AbelsonTaylor's professional campaign for Rozerem (ramelteon) made major inroads in the sleep market in 2005. In 2006, AT teamed up with Cramer-Krasselt to go consumer—and a little crazy!—with a TV ad of a talking beaver and a past president. How did they come up with such creative creative? "People equate dreams with a good night's sleep," says Cramer-Krasselt's Ken Erke, VP, group creative director. "So we decided to flip that. If you're not sleeping, you're not dreaming, and thus your dreams miss you."
BRAND Lunesta CLIENT Sepracor
FROM TOP: Andrew Schirmer, EVP, managing director, Jennie Fields, SVP, group creative director, Paul Behnen, SVP, group creative director
McCann HumanCare had one goal in mind with Lunesta (eszopiclone)—to build a strong branding icon. Three years later, Lunesta is the most-recalled ad of the year, and its famous moth has become the gold-standard in pharma branding. "When you have patients asking to try 'the butterfly sleeping aid,' you know you have a brand property that is resonating," says Andrew Schirmer, EVP, managing director at McCann. The logo was first launched in April 2005, but has evolved its focus to include new messaging and creative. "But if you turn off the sound and watch 20 DTC ads, there is no question which one is the Lunesta ad," Schirmer says.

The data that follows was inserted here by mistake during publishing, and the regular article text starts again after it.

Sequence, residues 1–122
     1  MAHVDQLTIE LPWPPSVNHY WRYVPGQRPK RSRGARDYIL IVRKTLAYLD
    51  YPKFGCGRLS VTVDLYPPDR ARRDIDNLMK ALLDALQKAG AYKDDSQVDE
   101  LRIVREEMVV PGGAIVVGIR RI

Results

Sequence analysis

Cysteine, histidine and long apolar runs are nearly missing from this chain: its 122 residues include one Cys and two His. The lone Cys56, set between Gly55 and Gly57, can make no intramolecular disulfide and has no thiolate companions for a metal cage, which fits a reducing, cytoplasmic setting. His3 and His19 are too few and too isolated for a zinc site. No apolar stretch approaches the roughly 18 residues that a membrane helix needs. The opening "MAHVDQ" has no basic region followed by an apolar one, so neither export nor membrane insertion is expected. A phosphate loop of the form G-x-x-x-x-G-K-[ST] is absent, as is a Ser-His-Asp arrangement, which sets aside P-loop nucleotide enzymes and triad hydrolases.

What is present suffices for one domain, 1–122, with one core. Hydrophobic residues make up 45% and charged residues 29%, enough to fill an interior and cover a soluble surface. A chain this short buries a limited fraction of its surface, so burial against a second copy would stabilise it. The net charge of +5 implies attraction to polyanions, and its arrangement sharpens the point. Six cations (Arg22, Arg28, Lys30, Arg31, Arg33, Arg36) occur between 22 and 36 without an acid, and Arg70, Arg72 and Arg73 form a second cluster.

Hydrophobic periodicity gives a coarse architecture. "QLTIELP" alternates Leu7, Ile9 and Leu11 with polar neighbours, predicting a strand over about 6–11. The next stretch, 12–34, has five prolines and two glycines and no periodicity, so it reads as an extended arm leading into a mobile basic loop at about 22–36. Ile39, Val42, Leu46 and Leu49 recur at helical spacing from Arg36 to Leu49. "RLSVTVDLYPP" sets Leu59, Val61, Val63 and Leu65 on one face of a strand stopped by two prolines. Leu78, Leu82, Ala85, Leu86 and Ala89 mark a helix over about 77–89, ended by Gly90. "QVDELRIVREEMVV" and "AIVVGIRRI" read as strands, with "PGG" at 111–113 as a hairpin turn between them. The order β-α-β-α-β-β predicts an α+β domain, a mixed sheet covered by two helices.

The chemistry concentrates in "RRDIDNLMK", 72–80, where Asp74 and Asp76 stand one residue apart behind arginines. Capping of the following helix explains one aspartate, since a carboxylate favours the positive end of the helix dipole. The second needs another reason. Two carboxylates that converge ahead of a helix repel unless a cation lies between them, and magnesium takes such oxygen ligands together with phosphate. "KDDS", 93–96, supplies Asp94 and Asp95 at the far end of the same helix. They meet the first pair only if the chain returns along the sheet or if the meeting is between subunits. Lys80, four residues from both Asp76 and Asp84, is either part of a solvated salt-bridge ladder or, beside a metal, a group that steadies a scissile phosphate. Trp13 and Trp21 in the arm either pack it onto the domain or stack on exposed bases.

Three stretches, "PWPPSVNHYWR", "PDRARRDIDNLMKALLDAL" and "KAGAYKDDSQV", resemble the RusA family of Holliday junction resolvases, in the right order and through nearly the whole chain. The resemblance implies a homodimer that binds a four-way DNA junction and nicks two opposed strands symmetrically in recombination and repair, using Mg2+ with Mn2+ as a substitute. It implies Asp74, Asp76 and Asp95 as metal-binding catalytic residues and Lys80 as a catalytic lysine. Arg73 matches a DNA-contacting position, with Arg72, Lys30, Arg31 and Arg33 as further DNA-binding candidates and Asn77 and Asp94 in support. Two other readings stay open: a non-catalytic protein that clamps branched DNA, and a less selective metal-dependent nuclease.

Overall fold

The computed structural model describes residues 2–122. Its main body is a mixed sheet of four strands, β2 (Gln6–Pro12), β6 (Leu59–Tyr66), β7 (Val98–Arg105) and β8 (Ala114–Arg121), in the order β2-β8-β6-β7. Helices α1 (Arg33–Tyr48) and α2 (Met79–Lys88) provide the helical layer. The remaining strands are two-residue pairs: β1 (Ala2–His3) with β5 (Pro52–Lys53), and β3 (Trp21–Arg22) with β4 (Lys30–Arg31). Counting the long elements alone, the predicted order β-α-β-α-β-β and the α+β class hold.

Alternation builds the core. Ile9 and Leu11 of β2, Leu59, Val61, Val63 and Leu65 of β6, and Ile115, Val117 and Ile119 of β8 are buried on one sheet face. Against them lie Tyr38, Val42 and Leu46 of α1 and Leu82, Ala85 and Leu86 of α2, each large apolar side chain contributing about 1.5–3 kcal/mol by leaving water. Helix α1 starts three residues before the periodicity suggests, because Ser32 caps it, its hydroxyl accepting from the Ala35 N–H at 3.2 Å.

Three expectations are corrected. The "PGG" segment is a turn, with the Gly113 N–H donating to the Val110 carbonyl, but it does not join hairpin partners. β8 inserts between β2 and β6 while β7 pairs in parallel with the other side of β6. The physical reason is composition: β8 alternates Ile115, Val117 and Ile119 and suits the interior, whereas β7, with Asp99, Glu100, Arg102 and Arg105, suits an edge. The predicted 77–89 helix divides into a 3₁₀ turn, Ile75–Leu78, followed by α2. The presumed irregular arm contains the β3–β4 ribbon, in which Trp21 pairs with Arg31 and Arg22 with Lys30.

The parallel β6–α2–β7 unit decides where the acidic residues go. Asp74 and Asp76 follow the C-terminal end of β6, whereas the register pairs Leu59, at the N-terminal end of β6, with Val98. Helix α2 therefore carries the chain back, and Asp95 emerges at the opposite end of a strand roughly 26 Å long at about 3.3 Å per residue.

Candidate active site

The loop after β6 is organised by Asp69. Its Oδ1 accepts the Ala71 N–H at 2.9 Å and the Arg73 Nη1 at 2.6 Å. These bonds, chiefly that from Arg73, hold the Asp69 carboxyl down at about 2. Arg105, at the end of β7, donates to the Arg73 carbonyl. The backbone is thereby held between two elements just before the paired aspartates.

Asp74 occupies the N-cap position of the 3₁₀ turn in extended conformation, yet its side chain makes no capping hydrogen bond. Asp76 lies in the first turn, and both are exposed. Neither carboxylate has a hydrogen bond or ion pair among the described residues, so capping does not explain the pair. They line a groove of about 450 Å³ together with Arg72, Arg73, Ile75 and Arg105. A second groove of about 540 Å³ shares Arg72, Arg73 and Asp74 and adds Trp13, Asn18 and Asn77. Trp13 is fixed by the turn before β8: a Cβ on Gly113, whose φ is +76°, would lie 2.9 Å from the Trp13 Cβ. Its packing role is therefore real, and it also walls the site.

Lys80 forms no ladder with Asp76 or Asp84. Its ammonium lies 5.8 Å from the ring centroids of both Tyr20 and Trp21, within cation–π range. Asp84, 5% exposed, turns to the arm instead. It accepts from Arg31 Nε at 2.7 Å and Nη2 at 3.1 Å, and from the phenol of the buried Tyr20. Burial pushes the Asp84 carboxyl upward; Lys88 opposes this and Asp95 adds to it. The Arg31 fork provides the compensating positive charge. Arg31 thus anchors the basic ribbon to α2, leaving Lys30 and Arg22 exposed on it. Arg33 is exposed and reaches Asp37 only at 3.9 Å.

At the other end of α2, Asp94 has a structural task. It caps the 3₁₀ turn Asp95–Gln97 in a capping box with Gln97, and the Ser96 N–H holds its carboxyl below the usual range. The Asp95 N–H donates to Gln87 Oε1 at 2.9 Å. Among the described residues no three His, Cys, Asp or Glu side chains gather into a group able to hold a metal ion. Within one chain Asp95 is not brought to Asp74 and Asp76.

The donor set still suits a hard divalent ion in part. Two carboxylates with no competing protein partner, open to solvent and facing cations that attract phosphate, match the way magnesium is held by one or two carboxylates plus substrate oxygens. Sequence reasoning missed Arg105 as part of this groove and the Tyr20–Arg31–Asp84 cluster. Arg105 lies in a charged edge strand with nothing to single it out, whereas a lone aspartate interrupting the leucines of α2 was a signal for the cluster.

BRAND Live With It
LEFT TO RIGHT: Jeff Rohwer, senior interactive producer, Isaac Mudd, PWA, Fabio Gratton, co-founder, CIO, Lawrence Jackson, senior animator, Shane Brouse, senior project manager
Dark, edgy, uncontrollable—hardly the words any pharma marketer wants to hear from an ad team describing its latest creative for a promotional campaign. But the team at Ignite Health knew it needed this outside approach to reach folks newly diagnosed with HIV online. So it decided to finance its animation series "Live With It," which offers a volume of unflinchingly honest insight into doing just that, on its own dime.